Can you imagine huge statues of Hitler all over Germany? Well, he killed a mere six million Jews (at best). Mao killed at least FIFTY MILLION of his own citizens! I have yet to meet a Chink who has any kind of problem with this whatsoever. They’re not even mad about Tiananmen Square. Every time you bring up any kind of Chinese massacre, they inevitably shrug their shoulders and mention something cruel the American government’s done. They’re like Russians. The past stays in the past even if statues of it are thrust into the future. You don’t have to broadcast endless documentaries on how horrible it was the way some victims do, but at least stick a pylon on his head.

For the Chinese, the ideal gravesite is up high where the dead can walk out of their plots and enjoy a nice cuppa tea in peace. Many hillside graves include a cement table and chairs where their loved ones can rest their weary dead legs and maybe play a game of Mahjong. Hey, one billion people: When you die, so do your eyeballs. Giving them a grave with a view is a waste of time.

What started off as a bit of ghost money to be burnt and passed on to the afterlife has evolved into paper cell phones, paper shoes, paper appliances, and even paper cars burnt as “gifts” to the dead. Their heaven sounds like a huge pain in the ass to me. Why do you need shoes? Are you not walking on clouds? What’s with the car? Can you not fly? In my heaven you don’t need spare change. If you want a new iPhone you just grab one off the shelf and float out of the store.

In rural Taiwan I was taken to a shrine where two dog statues are said to represent two sailor’s dogs. The legend is that the dogs were so loyal, they waited by the shore until they starved to death because their masters were lost at sea, never to return. The statues are surrounded by people frantically praying in Mandarin. I asked my Chinese friend what they were saying and he began to eavesdrop. “That one is asking for a new BMW,” he told me, “and that one wants a new washer/dryer.” What is this, The Secret ? You’re supposed to be praying for immaterial things such as good health and love and joy. If you want stuff from a Sears catalog, stop hanging out with dog statues and get back to work.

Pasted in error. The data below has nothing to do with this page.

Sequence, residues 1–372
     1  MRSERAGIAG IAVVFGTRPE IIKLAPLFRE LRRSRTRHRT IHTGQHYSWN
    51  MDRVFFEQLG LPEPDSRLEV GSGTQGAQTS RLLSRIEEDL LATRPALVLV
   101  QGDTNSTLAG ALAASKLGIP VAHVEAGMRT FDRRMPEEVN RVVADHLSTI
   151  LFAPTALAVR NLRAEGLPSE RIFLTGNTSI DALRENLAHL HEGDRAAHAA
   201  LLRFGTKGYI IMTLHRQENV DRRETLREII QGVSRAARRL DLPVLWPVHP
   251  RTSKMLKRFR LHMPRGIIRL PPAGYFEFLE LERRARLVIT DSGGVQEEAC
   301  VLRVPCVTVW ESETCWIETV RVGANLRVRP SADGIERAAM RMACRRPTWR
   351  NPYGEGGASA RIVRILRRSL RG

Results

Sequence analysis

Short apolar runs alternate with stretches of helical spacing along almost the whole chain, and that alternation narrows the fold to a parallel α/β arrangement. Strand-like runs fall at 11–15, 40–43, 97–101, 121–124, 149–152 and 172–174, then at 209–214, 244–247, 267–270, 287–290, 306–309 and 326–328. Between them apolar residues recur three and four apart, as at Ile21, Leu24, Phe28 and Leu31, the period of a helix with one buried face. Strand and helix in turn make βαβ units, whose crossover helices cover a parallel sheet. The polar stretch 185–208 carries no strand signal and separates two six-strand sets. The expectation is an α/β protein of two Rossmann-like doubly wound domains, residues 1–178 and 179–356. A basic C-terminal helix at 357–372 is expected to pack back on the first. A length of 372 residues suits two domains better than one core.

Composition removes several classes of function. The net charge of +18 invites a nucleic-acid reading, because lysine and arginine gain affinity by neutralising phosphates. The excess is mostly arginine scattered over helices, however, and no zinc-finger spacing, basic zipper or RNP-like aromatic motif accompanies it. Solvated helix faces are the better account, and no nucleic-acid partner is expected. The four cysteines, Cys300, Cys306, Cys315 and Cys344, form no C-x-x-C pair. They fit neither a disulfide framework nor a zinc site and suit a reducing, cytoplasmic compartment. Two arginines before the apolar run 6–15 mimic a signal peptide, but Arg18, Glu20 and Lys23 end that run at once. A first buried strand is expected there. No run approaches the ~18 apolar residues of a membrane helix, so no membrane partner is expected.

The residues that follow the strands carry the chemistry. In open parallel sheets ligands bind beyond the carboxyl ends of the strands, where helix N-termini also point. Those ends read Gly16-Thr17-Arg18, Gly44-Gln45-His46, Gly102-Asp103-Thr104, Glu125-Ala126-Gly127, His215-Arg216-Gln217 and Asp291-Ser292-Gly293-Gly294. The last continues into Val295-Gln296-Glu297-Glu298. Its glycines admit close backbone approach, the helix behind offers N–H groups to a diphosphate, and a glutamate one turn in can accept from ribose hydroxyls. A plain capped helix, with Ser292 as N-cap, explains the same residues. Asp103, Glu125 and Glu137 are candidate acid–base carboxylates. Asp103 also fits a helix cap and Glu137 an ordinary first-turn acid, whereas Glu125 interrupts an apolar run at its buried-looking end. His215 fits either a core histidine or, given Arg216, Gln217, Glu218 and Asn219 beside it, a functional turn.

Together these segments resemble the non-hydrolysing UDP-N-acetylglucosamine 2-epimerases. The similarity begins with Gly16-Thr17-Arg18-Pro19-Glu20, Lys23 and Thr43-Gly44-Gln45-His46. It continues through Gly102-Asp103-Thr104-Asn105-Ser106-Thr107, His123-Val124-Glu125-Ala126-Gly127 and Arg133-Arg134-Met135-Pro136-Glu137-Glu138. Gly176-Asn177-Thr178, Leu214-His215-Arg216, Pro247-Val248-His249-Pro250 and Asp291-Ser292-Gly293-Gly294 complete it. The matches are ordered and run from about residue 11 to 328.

In Vancouver, all the McMansions tucked away in the forest are owned by these wealthy Chinese immigrants, and the first thing they do when they set up shop is get rid of those pesky thousand-year-old redwoods full of bad luck. Tree-hugging multiculturalists are left with severe migraines as they try to process a multiculturalism that wreaks ecological havoc.

I didn’t have much money when I lived in Taiwan, but those who did bought scooters and roared through the streets like they owned the place. I was impressed they could get a Chinese license and when I asked one of them how he did it, he said, “I didn’t.” I asked him what happens when the cops stop him. “Oh,” he replied smugly, “I just start yelling at them and they become so embarrassed by their terrible English, they just drive away.”